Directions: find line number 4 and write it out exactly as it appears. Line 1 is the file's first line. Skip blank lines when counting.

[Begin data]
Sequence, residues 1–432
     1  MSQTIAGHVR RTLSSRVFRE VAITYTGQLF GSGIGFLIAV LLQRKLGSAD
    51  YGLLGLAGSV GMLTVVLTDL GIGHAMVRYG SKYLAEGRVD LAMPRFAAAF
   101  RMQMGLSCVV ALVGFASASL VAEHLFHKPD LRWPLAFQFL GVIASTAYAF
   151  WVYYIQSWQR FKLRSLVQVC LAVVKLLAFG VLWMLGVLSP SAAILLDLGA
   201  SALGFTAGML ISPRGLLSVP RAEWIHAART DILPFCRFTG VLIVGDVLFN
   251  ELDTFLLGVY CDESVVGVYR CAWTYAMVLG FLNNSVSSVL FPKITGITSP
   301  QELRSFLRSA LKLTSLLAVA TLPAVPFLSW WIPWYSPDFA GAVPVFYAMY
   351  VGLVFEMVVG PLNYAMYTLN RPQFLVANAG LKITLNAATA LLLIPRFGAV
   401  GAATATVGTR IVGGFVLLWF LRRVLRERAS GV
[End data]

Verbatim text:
   101  RMQMGLSCVV ALVGFASASL VAEHLFHKPD LRWPLAFQFL GVIASTAYAF